The use of a light-weight reinforced closed-cell foam chassis 100 of the present disclosure greatly reduces vehicle weight while increasing light-weight vehicle safety to both occupants and pedestrians in the event of a collision or impact. Pedestrian safety is enhanced by the reduced kinetic energy of a light-weight foam vehicle when it collides. Other advantages of employing a reinforced closed-cell foam chassis 100 for a vehicle 200 include a reduced cost of repair in the event of damage to the foam chassis 100 structure, and a reduction in overall damage to the vehicle 200 and others in the event of an impact or collision. Vehicles 200 and objects constructed with a reinforced closed-cell foam chassis 100 may have a reduced environmental impact and footprint when compared with similar vehicles or objects constructed of traditional plastics or metals. For example, the reinforced closed-cell foam layers 108 a-c employed in the construction of the vehicle chassis 100 of the present invention may be may from a renewable resource such as soybeans, and incorporate fewer high-cost materials such as metals or plastics.

Constructing a motorized vehicle with a reinforced closed-cell foam chassis 100 of the present disclosure offers several benefits and advantages. The use of light-weight structurally reinforced closed-cell foam chassis 100 reduced the overall weight of the vehicle as compared to a similar vehicle constructed using conventional metal and plastic components. The resulting vehicles will have better fuel economy and reduced emissions. The lighter weight of the vehicle enables the use of electric motors or electric hybrid motors, requiring less power to propel the vehicle, and correspondingly, reducing the size of the required energy storage cells (batteries) and the size of the driving motor, thereby reducing vehicle emissions and environmental impact.

In the event of an impact or collision, a vehicle 200 constructed with a reinforced closed-cell foam chassis 100 will provide improved protection to the occupants and to people or objects outside the vehicle 200. The external layer 108 a of closed-cell foam 120 on the vehicle chassis 100 functions to absorb impact energy, reducing damage to pedestrians and objects impacted by the vehicle 200. Outside and structural foam layers 108 a-c absorb energy upon impact to lessen the g-force to the driver and passengers. When a foam layer 108 rips upon impact, the soft exposed edges do not present a cut or laceration hazard. Correspondingly, the interior foam layer 108 c functions to soften impacts the driver and/or passenger may experience inside the vehicle passenger compartment 116 during a collision or roll-over event by absorbing some of the impact energy.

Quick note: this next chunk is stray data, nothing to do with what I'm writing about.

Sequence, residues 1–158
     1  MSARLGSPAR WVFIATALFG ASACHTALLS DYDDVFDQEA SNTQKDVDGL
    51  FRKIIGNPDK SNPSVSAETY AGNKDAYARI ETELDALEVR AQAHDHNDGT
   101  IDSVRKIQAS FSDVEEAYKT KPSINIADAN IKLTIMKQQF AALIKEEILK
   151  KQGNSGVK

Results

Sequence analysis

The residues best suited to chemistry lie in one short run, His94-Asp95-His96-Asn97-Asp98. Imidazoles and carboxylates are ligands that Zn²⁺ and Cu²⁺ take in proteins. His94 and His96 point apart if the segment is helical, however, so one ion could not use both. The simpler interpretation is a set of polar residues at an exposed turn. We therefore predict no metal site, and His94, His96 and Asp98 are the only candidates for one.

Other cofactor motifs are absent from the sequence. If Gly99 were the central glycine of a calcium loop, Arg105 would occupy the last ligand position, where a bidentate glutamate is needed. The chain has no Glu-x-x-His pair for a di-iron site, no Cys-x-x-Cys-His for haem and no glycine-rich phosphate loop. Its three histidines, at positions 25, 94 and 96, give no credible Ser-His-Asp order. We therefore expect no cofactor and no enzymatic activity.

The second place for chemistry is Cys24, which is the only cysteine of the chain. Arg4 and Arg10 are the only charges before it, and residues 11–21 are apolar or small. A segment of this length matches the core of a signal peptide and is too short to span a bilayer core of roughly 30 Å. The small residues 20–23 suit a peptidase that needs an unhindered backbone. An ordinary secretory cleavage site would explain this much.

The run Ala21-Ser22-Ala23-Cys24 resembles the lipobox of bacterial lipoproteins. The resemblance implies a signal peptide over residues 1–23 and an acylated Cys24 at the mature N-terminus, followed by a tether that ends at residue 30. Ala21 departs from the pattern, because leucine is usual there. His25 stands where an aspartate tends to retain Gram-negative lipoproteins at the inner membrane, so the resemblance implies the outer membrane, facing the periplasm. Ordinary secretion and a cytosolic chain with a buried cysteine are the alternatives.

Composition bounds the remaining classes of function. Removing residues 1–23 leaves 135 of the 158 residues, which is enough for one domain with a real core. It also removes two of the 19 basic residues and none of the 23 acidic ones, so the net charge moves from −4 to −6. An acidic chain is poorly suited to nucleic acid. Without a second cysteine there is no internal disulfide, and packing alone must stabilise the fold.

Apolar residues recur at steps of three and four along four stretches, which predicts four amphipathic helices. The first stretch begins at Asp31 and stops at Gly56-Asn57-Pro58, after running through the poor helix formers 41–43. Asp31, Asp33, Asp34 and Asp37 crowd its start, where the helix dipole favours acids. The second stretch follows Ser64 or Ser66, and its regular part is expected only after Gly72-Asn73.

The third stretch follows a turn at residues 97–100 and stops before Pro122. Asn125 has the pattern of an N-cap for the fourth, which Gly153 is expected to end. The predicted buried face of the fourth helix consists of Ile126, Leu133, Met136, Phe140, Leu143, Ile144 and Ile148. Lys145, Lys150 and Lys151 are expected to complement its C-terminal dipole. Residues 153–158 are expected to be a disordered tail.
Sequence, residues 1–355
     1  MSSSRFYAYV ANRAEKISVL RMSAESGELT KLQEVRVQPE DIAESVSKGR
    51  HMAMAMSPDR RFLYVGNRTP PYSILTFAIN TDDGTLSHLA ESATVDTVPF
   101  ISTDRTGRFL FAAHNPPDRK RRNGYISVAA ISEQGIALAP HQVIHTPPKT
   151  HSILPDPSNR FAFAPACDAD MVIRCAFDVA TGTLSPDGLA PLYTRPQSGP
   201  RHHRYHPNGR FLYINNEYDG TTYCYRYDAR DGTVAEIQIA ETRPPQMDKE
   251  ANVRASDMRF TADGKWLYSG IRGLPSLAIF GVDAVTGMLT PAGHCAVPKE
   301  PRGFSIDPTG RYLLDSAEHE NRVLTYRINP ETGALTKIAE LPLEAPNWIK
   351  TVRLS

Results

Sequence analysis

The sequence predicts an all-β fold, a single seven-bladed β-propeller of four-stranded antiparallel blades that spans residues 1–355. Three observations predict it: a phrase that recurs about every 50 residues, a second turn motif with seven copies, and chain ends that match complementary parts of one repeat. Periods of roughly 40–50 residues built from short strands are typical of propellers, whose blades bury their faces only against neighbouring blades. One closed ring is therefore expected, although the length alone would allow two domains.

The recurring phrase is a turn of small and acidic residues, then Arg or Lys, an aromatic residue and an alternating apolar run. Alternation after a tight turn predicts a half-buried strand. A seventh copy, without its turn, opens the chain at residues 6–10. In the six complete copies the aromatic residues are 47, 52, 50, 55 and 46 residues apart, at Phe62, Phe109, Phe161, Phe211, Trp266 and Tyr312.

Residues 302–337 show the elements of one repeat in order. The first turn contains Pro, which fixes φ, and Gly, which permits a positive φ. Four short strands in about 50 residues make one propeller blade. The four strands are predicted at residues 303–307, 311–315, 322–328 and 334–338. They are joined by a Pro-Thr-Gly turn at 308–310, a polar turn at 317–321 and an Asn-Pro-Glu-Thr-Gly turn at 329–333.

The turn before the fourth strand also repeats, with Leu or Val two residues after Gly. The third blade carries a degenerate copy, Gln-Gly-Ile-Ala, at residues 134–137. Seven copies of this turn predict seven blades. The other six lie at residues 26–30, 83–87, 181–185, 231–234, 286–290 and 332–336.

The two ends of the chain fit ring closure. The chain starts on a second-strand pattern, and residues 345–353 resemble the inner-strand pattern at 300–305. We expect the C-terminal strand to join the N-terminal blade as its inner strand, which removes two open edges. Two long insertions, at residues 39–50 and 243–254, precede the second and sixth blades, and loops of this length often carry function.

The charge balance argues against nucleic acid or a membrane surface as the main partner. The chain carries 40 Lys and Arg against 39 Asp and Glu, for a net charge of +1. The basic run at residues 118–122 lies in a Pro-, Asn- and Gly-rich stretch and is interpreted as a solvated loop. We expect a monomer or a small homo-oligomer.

The exemplary vehicle 200 shown in FIGS. 4-9 is constructed using the reinforced closed-cell foam chassis 100 of the present disclosure for majority of the body, chassis, interior, and exterior components to save weight and to decrease fuel consumption. The vehicle 200 provides protection to the passengers, pedestrians, and any impacting object both inside and outside of the vehicle. With the majority of a vehicle 200 constructed from the structural reinforce foam chassis 100, the vehicle 200 incorporates several inches of protective layers 108, instead of a fraction of an inch as may be found in conventional fiberglass or plastic body vehicles. In contrast, light-weight vehicles constructed with metal bodies or no external body panels at all offer only limited amounts of passive impact protection between the rigid interior surfaces and the passenger, and require additional safety devices such as active air bags to protect the passengers. The vehicle 200 constructed with the reinforced closed-cell foam chassis 100 of the present disclosure provides passive protection to passengers inside the passenger compartment 116, other vehicles, other objects, and pedestrians by keeping the structurally rigid components to a minimum and encasing them in an energy absorbing layer of foam 108 a-c.

Those of ordinary skill in the art will recognize that the reinforced closed-cell foam vehicle chassis 100 shown and described herein is not limited to the specific configuration as described herein or as shown in the FIG. 1-3 or 4-8. It will be further recognized that alternative vehicle designs may vary in how much reinforced closed-cell foam 120 is used and in the placement of the reinforcement structural material 114 between the layers of foam. The size and design of the vehicle 200, including the number of wheels, and amount of foam protection desired, will determine the type, amount, and density of the foam 120, as well as the amount and placement of the incorporated reinforcement material 114 within the chassis 100. For example, as shown in FIGS. 9-14 an alternate configuration of a vehicle 200 may incorporate a unitary reinforced closed-cell foam chassis with the reinforcing structural material segments 114, 118, and 220 composed of a honey-comb coreboard strengthened with a layer of epoxy-coated fiberglass. Preferably, the reinforcing structural material segments 114, 118, and 220 are positioned in a mold prior to the injection of the closed-cell foam, thereby allowing the unitary chassis to be formed about the segments.

It will further be recognized that the specific material incorporated into the reinforced closed-cell foam vehicle chassis 100 as reinforcement 114 may be varied as is required by the specific application or intended use of the resulting reinforced closed-cell foam structure. For example, material quality, thickness, and weight, may be varied, as may the specific material utilized, such as fiberglass, carbon fibers, and Kevlar, etc.). The shape and configuration of the reinforcement material 114 disposed within the foam layers 108 a-c may similarly be selected from solid sheets, woven materials, mats, chopped fibers, etc., as may the applied resin mixes of epoxy, polyester resin, glues, etc. employed for bonding the reinforcing materials 114 together.